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Forty years and counting for reunited
and recharged classic rockers

Bad Company
The Venue At Horseshoe Casino
Hammond, IN
June 28, 2013
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Story and Photos By Andy Argyrakis

Pretty much every rock and roll band that has stood the test of time has an equally colorful back story as the songs themselves and Bad Company is certainly no exception. After blasting to fame throughout the 1970s on the famed Swan Song/Atlantic label (also the home to Led Zeppelin), the group also became a fixture of the early '80s before splintering into separate camps that miraculously managed to continue having success independent of one another.

In one corner was front man Paul Rodgers (originally of Free fame), who started out solo, formed the super group The Firm (which included legendary Zeppelin guitarist Jimmy Page), rebounded with The Law (alongside Faces/The Who's Kenney Jones) and even fronted Queen for a few years before returning to the solo fold. All the while, Bad Company remained in the public eye with a pair of replacement singers that yielded a slew of singles throughout the second half of the '80s through early '90s, followed by a brief reconnection with Rodgers in the late '90s.

Past line-up shifts aside, all the surviving original members have reunited in honor of its 40th anniversary, which means fans finally get to see Rodgers, guitarist Mick Ralphs (who first gained notoriety with Mott The Hoople) and drummer Simon Kirke (also from Free), along with auxiliary guitarist Howard Leese and bassist Todd Ronning (filling in for the departed Boz Burrell, also known for his time with King Crimson). Add it all up, and it meant a sold out visit to The Venue At Horseshoe Casino in Hammond as part of its first tour through North America in eons.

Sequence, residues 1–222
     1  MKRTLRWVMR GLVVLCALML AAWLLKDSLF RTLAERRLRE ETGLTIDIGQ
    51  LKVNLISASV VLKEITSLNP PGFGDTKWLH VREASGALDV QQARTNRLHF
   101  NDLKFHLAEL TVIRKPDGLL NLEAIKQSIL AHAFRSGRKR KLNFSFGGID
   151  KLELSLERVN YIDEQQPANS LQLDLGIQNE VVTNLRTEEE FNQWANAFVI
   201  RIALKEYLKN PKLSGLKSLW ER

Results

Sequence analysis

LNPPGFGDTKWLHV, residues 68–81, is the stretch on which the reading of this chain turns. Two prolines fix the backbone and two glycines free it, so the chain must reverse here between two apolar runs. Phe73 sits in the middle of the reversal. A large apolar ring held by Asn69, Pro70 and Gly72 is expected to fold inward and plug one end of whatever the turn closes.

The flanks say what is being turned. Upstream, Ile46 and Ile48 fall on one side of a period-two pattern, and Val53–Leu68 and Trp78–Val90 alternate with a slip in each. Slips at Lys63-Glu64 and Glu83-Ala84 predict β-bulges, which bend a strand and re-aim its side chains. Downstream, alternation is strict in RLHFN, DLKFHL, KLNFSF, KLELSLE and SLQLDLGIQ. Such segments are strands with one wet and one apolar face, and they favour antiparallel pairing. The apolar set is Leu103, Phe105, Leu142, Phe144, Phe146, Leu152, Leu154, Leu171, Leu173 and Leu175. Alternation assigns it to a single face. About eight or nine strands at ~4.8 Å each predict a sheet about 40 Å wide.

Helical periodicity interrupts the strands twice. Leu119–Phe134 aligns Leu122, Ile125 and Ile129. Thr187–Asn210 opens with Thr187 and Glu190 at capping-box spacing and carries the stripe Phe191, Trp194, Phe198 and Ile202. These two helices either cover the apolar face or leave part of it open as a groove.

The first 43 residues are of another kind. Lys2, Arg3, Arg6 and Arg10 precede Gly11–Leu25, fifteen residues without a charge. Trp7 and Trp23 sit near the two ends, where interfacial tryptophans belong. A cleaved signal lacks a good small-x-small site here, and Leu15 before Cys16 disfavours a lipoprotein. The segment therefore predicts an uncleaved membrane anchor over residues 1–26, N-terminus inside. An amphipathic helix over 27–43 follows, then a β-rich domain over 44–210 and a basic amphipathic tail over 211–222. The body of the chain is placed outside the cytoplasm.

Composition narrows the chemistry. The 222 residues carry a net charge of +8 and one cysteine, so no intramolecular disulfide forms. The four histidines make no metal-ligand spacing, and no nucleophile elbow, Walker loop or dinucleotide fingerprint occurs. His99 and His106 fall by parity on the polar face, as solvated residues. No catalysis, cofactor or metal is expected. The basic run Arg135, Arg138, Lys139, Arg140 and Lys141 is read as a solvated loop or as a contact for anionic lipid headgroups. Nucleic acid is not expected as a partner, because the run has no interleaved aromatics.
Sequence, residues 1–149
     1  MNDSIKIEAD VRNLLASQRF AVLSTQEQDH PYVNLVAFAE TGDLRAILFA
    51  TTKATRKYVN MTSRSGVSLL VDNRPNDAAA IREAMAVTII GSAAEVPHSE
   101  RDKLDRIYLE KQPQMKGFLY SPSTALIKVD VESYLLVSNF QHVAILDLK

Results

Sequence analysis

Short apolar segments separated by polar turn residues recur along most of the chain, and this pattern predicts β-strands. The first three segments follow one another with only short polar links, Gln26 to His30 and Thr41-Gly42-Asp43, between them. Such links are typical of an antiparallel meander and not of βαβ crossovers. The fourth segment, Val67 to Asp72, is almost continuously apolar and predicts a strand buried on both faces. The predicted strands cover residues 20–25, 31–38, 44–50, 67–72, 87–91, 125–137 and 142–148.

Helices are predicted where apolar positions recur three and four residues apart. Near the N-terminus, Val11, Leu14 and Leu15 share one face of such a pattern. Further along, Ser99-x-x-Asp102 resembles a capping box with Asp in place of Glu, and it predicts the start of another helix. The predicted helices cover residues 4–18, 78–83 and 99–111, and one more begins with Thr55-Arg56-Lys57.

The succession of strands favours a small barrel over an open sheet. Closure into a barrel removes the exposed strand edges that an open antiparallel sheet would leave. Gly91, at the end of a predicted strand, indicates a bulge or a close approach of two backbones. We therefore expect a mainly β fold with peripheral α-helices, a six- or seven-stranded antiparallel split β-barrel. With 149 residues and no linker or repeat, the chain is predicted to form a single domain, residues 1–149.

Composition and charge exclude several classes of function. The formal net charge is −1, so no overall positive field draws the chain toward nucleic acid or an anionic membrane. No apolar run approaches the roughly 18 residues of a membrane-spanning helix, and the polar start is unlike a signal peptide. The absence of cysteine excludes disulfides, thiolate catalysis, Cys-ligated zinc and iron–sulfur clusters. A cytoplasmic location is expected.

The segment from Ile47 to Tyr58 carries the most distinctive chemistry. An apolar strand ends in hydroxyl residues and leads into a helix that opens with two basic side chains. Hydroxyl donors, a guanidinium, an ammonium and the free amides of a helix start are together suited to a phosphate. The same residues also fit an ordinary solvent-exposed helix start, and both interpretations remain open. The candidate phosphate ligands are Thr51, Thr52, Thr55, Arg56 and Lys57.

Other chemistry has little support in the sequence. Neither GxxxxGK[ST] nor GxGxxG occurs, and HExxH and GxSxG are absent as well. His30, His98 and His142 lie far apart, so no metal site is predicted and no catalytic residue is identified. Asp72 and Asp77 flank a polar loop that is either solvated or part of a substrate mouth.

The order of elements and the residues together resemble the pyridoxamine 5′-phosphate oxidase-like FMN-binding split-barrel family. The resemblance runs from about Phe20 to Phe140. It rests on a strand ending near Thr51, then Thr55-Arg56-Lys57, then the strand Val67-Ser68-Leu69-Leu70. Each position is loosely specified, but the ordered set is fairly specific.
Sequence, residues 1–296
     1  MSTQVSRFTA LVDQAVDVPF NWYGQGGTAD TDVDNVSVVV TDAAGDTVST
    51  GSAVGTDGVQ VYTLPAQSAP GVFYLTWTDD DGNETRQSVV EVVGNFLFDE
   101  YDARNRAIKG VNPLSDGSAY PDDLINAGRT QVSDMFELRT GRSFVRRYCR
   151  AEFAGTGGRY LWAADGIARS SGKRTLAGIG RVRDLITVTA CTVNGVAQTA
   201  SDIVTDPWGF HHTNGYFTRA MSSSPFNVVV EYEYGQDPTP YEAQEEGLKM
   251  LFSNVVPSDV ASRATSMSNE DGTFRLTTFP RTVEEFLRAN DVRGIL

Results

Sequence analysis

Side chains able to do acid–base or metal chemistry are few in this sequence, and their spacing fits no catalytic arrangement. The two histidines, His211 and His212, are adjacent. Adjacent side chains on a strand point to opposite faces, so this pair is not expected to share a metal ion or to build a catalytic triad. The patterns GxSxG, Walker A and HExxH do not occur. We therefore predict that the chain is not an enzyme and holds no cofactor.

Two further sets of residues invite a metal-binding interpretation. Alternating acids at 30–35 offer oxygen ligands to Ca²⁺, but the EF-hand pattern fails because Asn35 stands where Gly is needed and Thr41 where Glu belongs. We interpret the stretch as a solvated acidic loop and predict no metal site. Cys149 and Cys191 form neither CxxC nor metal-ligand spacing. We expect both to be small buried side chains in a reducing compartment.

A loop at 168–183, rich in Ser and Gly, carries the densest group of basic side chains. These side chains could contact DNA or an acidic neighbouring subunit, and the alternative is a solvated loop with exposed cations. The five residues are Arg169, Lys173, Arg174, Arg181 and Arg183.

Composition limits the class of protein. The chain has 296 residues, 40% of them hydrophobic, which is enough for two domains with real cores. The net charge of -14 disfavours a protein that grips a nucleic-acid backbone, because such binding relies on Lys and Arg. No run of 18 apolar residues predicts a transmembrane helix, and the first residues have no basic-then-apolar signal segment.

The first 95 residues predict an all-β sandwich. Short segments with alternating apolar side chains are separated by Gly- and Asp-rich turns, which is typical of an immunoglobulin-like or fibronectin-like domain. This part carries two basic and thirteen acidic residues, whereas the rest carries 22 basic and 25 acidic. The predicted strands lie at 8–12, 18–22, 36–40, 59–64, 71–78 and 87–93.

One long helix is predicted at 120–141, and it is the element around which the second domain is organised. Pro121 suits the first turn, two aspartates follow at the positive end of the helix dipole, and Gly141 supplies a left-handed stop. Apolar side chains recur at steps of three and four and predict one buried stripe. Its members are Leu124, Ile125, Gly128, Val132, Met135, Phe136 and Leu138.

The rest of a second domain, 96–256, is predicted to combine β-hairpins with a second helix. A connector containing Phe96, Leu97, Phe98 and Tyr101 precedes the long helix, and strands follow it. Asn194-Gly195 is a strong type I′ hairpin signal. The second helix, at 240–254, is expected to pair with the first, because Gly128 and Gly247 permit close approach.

Throughout a lean but a little too short 80-minute set, Rodgers' vocal chops were just as blustery as back in the day, while the chemistry amongst musicians was so strong it made all the ensuing years melt away within minutes. From the launch of "Rock N' Roll Fantasy" through "Run With The Pack" and "Feel Like Makin' Love," it was clear the reinvigorated Bad Company meant business, and besides displaying the band's classic rock backbone, the players also liberally applied their bluesy influences.

Fierce jams like "Ready For Love" and "Honey Child" were juxtaposed with sing-a-longs like "Shooting Star" and "Can't Get Enough," all resonating with an unrelenting fire that doesn't typically find its way onto like-minded reunion tours. By an encore of "Bad Company" and "Rock Steady," the guys looked like they were ready to ramp up to the arena circuit again, and whatever caused their dissolutions in the past seemed to have been permanently forgotten. While the true test will be any new material Bad Company may consider recording, at least this greatest hits revue indicated the passion to collaborate together has returned with just as much force as the first time around.

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